Wednesday, August 2, 2017
Is Wailing Brothers already wobbling?
Granted, I might be jumping the gun. But I dare conclude that the reggae band, the Wailing Brothers, is already wobbling just a few months after its revival.
The promise looked full when siblings, drummer and lead guitarist Paul and Takudziwani Chokani respectively, left yet another reggae group Black Missionaries to breathe life into a Wailing Brothers that dripped into comatose immediately after its pioneer the siblings elder brother Elias passed on.
The band, which started long before The Blacks, tried to copy what bands with clout and most considered successful going by round the clock, round the year countrywide shows do. But it looks like Wailing Brothers has run out of steam long before they even started in earnest what their competitors have done for years.
The bands that quickly come to mind are of course The Blacks, Lucius Banda’s Zembani Band, Alleluya Band etc. Zembani has also reduced its live performances ever since boss Lucius Banda went back to parliament.
Without studying the ‘travelogue’ used by these bands it was all clear that not even the single album in the bag would save the situation for Wailing Brothers.
Not that the album is bad and could not carry them through, but perhaps there is a better explanation to explicate their absence.
Listening to Wailing Brothers’ maiden album rightly named – ‘Unfinished Project’ you realise that it doesn’t even waste time to get down to business with the opening track ‘Mwatero ndi Inu’ which I describe as a loaded dice. It’s so allegorical, reminiscent of compositions of their first known leader Evison Matafale – not that I am disregarding the fact that the band was started by Elias.
This tracks leaves you with so many questions whose answers are in the chorus – ‘It is as you say’.
This particular track, like the rest that have been led on vocals by Chikumbutso Simbi, is a revelation of more than one thing; the sibling band leadership of the Chokani brothers has realised their deficiencies in delivering vocal output. I might speculate that this is perhaps the reason they had Matafale in the initial stages.
My observation is not without proof as it has been rightly represented in the tracks that Taku is on vocals which clearly show that God did not provide him with the gift of voice when He bequeathed him with the skilful manner he puts on display when given a lead guitar.
In the track ‘Afritune’ the band has been very naughty with experiment where they play African drums that have been well intertwined with reggae elements coming up with a piece of work oozing refined creativity. There could never have been any better way to pay their tribute to their fallen brothers and cousins in Elias and Luis, Gift and Musamude Fumulani and of course Matafale, than in the ‘Afritune’.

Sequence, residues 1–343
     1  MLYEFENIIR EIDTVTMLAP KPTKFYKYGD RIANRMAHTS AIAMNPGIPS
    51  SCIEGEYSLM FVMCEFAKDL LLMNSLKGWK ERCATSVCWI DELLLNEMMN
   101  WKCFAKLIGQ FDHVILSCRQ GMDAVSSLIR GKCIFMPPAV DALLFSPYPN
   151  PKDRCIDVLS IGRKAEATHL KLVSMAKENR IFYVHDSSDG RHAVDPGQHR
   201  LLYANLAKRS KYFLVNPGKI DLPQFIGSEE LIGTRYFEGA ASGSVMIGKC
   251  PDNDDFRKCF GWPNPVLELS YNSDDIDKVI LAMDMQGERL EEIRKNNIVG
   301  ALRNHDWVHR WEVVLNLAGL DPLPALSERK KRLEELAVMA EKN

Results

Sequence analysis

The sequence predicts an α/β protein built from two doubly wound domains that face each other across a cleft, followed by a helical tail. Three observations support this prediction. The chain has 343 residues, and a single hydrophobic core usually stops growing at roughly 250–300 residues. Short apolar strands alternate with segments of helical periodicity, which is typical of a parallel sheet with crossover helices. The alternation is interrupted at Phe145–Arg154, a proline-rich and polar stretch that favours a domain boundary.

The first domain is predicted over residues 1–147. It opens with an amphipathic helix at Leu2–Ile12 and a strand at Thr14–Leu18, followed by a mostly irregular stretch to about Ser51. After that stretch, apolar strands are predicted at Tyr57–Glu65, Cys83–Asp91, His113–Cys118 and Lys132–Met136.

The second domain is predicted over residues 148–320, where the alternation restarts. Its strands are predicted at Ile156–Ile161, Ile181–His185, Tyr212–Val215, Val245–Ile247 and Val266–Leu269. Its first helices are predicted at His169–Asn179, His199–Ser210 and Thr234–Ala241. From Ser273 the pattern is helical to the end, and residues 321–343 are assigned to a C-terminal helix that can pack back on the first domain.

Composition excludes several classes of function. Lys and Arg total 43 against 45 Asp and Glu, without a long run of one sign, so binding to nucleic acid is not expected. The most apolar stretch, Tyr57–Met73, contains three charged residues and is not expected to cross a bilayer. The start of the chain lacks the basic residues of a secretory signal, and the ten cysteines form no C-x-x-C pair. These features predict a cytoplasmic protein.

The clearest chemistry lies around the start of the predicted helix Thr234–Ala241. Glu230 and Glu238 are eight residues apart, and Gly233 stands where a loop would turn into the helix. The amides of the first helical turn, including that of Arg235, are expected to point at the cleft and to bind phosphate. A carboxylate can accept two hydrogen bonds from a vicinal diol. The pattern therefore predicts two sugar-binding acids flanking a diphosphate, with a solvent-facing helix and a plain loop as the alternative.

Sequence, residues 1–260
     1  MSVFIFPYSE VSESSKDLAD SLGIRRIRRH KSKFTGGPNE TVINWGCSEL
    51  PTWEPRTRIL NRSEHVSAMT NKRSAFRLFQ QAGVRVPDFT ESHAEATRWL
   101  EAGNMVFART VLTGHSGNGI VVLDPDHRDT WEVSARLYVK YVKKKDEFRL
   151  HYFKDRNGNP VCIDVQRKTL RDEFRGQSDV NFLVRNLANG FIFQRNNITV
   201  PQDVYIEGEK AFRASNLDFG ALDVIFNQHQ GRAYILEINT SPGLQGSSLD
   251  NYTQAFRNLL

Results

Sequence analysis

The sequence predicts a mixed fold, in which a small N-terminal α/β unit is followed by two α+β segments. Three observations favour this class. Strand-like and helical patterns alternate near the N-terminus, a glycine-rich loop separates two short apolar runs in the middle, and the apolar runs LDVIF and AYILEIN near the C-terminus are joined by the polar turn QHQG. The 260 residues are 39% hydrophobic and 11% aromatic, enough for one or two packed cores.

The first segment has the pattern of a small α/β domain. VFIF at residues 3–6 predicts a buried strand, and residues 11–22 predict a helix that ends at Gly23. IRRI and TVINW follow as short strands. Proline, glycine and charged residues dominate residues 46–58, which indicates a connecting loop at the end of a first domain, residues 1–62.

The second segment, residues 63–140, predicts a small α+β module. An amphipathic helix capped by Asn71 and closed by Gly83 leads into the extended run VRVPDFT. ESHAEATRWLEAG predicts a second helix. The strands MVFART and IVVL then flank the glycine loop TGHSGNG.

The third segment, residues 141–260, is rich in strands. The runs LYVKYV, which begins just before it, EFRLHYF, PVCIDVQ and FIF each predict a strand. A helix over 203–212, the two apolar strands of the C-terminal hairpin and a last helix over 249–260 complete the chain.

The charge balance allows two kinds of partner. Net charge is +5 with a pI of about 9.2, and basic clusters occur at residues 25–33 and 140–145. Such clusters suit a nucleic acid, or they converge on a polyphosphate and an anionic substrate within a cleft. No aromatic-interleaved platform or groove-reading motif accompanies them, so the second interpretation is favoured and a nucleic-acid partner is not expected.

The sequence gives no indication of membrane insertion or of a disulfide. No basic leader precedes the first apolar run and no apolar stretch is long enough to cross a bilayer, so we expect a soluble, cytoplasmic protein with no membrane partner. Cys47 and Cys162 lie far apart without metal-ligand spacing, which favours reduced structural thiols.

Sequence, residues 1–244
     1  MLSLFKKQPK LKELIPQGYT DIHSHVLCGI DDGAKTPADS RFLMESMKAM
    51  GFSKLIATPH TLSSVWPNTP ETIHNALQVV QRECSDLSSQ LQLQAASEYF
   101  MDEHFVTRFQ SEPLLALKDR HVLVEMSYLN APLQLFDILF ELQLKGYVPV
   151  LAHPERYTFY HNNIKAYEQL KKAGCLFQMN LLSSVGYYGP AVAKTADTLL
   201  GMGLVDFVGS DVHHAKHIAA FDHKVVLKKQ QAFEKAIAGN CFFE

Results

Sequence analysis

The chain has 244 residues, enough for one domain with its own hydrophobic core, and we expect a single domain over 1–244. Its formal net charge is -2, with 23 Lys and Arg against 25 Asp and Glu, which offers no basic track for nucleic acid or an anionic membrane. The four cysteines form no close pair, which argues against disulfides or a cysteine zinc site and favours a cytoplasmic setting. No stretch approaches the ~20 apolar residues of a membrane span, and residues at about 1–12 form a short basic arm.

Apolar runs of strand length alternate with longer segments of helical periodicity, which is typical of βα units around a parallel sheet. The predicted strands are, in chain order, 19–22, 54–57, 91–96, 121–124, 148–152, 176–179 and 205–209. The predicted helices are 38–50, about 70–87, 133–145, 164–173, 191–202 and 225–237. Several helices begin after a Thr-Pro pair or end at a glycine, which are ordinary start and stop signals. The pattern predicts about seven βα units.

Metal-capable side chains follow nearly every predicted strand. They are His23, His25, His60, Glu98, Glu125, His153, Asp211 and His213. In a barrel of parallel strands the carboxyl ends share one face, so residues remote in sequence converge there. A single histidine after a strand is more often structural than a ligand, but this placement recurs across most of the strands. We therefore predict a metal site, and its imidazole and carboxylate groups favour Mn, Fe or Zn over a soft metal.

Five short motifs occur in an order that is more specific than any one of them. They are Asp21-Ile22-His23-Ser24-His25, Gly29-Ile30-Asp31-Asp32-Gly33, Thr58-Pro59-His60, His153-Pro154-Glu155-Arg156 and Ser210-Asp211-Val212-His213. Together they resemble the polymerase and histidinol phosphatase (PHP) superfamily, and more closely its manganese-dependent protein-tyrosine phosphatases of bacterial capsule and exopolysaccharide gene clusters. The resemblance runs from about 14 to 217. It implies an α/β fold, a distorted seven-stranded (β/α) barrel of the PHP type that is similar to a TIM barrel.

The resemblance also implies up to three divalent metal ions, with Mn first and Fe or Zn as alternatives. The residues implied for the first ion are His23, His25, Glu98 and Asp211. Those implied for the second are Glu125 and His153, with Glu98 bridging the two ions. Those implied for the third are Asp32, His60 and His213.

The track does not demand stringent vocal levels that separate the novice from the elite. It has therefore suited the voices of its lead vocalists Taku and Paul.
‘Levi’ is a track which like ‘Mwatero ndi Inu’ is serious minded reggae track. This is the album’s other best, done by Chiku on the vocals and also inclined towards religious, or is it spiritual foundation. The flair with which the works of ‘Unfinished Project’ has been appropriated is easily noticed in these tracks.
Those who faulted the revival of Wailing Brothers missed it. I still maintain that we really needed a different voice of reggae in the industry.
This is a superlative variety; I would hate to call it an alternative to productions by Black Missionaries because to do so will be playing into the hands of those who are chanting that music is a mission and not competition in reference to the departure from the Blacks by Paul and Taku to reawaken Wailing Brothers.
“Everything’s Gonna Be Alright’, the highly promoted track in the album is a mixture of the complicated and the simple and not so complicated vocal pitch arrangement.
Of course the mistake has come about with the inclusion of this complicated vocal counter which clearly shows that it does not suit Taku’s natural vocal strength. Even the best instrumentation that goes with this track is failing to conceal this vocal inadequacy. When you have the opportunity to listen to the track especially when being performed live, you will get the perfect opportunity to appreciate my observation.
But the vocals on the ‘I Love My Guitar’ piece have progression that tells us all but one thing; that there is still need of a great deal of improvement. The title of the track is in a way a telling testament that Taku better show his love for the guitar by somehow sticking to it more than his attempt on lead vocals.
Those that are true lovers of music in general, and ardent reggae listeners in particular, will doff their hats off for this particular album.
This is one of the few best reggae albums in Malawi but nevertheless it tells us that Wailing Brothers music mission is an incomplete project that needs to be perpetuated not finished.
But with their disappearance, will they indeed perpetuate the project?